And The Award For Best Ensemble Goes To . . .
USA Today Sports
Kevin Durant is better than LeBron James. That’s how we’ll remember January 29, 2014, especially if the Oklahoma City Thunder go on and win the NBA Finals. That statement snugly fits into the narrative and base slowly built by the offensive volcanic eruptions of Durant. Whether it be true or false, we’re ready to anoint the gradual decline of the best player in the last decade. I’m not one to overreact but there are causes for concern in that argument, the main one being that Durant is pretty damned good. And yet, last night’s game rendered that unimportant and represented much more on a gradual level of competition and management: the Miami Heat looked older and slower while the Thunder played the long, quick, and athletic role the Heat themselves were privy to just a few years ago.
We know that Sam Presti is enamored with drafting and/or developing wingspan, height and athleticism. Russell Westbrook, Kevin Durant, Serge Ibaka, Steven Adams, Perry Jones, Jeremy Lamb (traded from Houston), Steven Adams, and Reggie Jackson. Ironically, the player drafted in the mold of “NBA-polished” was James Harden. Regardless, the Heat came out of the gates firing on all cylinders, exhibiting the many aspects of the game they excel in, trapping, hounding weakside players, transition, and ball movement on the wings. The lead ballooned to 18.
Then a funny thing happened. The Thunder had to send KD to the bench with two fouls but countered with Perry Jones and Jeremy Lamb, along with the underrated Nick Collison and surprisingly effective Derek Fisher. The Heat were forced to keep chugging along with a washed-up Ray Allen, overmatched Norris Cole, to go along with a slow Shane Battier. Toss in a still hobbling Dwyane Wade and the usual athletic advantage the Heat possess in any given series and game went out the same window that conventional wisdom goes when KD starts scoring on triple-teams.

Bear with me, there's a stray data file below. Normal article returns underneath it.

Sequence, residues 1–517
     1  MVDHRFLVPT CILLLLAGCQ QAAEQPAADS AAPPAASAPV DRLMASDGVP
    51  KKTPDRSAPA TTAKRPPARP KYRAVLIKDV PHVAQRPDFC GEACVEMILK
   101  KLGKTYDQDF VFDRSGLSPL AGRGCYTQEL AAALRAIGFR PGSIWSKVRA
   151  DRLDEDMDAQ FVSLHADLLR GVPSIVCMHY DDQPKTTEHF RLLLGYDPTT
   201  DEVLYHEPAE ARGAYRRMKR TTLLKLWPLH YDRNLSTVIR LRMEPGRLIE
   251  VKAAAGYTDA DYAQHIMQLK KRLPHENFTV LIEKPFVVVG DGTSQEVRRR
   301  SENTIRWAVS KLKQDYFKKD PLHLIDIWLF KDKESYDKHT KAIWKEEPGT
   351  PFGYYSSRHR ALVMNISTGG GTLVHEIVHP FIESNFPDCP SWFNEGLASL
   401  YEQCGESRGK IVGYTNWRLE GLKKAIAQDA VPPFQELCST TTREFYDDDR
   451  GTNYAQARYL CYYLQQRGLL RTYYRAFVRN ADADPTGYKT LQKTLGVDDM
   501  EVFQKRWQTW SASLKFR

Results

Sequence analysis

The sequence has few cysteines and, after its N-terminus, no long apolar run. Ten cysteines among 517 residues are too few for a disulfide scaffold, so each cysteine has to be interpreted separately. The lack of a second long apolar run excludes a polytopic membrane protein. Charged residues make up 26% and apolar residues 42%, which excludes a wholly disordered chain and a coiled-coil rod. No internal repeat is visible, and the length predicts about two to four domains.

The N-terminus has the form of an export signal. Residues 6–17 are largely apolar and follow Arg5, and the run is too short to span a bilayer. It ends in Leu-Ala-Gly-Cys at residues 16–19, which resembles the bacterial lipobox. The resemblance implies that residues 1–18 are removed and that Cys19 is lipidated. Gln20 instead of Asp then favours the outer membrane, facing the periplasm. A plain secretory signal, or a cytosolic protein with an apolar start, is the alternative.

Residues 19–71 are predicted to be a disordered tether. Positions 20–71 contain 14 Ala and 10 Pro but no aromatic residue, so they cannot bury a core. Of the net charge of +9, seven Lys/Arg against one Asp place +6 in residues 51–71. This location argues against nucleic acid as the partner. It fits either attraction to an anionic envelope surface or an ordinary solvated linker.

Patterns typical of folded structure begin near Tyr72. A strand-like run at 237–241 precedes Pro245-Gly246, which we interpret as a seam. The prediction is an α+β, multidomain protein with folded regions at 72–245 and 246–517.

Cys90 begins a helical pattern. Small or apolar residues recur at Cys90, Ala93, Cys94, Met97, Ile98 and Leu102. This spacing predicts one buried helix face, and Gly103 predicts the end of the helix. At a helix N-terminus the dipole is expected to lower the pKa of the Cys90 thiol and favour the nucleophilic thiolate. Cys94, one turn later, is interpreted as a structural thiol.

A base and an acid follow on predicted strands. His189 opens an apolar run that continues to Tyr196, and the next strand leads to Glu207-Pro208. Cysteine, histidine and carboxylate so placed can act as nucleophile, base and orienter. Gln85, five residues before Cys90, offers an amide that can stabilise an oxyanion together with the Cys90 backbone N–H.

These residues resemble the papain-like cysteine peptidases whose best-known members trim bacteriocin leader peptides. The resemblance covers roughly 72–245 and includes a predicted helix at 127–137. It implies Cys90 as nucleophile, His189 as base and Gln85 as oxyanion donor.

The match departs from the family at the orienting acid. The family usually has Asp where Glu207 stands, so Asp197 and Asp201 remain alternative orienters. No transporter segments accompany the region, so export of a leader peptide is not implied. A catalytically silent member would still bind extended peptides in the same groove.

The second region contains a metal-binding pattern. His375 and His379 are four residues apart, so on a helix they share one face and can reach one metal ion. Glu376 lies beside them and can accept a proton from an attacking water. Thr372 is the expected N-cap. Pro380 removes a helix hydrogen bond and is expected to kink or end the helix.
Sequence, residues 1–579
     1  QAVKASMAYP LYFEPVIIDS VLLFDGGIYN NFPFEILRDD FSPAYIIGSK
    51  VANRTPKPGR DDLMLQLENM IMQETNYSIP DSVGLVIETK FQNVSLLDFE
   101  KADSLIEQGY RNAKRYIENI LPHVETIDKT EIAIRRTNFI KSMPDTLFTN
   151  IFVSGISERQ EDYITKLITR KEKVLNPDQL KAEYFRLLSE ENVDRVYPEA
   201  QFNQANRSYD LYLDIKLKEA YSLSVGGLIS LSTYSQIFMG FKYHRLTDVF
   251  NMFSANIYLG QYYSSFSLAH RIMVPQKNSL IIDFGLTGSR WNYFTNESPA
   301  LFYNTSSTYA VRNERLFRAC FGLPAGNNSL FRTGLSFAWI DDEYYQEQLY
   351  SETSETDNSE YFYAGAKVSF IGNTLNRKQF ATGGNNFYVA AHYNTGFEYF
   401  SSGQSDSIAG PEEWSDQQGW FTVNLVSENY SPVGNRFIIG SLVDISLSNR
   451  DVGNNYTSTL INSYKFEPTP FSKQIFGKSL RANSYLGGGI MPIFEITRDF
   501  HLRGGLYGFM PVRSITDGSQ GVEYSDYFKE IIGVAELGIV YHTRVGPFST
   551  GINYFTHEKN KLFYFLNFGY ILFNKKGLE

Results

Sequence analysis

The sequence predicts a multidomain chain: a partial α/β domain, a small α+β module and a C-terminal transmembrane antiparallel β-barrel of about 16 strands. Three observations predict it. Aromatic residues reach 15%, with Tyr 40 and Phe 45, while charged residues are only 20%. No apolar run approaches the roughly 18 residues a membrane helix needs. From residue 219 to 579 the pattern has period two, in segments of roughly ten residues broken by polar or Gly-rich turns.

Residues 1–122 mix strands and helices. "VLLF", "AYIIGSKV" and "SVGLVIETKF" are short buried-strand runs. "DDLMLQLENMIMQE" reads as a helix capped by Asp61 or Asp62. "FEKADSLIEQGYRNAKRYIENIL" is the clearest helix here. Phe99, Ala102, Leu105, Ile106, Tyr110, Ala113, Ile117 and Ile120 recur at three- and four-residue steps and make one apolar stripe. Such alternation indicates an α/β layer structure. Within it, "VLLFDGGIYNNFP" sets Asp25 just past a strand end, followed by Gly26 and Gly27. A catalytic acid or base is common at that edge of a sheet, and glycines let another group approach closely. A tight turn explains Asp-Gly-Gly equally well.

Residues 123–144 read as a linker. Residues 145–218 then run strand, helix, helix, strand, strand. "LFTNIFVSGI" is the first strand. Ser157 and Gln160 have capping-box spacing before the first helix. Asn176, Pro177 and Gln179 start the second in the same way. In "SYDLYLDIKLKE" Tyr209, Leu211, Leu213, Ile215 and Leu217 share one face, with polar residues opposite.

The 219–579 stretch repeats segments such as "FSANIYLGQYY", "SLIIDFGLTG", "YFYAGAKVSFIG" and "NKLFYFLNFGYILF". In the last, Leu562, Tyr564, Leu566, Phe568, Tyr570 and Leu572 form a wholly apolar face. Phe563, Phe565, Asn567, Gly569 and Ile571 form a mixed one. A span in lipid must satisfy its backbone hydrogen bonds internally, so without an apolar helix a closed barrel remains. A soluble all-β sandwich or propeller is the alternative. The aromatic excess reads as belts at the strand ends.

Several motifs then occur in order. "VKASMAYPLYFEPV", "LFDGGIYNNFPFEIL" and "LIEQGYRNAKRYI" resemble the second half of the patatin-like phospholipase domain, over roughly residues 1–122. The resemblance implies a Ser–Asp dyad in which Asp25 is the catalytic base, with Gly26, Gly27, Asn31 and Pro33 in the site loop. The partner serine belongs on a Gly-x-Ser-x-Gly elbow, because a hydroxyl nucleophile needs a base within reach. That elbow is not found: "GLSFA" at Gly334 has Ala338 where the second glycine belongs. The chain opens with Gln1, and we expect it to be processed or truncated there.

The Thunder started to grind the Heat offense to a pulp. Thabo Sefolosha got into passing lanes, reading the telegraphed passes from Mario Chalmers. Jones was able to affect shots for an instant with his long arms to let Ibaka recover for blocks. Lamb was quicker to the boards and Jackson was able to penetrate in transition opportunities. They did to the Heat what the Heat had done to other teams in the first three years of King James’ reign.
On offense, the Thunder were able to solve the Heat’s trapping defense, simply passing over the top to Ibaka as a release valve. Ibaka hit enough free-throw line jumpers to keep the Heat sagging deep enough and when that happened, Durant was able to pick-and-roll the Heat to death. Miami’s defense hasn’t been up to snuff all season and they’ve been guilty of some coasting tendencies but in what appeared to be the biggest game of the season so far, they played a step or two behind the Thunder.
Granted, the Thunder won’t shoot 16-27 (59.3 percent) every game but length, athleticism and quickness don’t suddenly vanish even if the three does. Miami is still very much a title contender. They still have LeBron James, Chris Bosh, and Dwyane Wade. The Eastern Conference playoffs present much less of a littered path. But make no mistake, yesterday night was as much about the Thunder’s development, athleticism and defense as much as Durant’s ascension to the people’s image of the best player in the world.
Did I mention that Russell Westbrook was celebrating in a suit rather than a soaked jersey?
LeBron might still, and probably is, the best player in the world right now. But Kevin Durant has far superior the supporting cast, and that’s scary considering how fast the gap between the two has closed.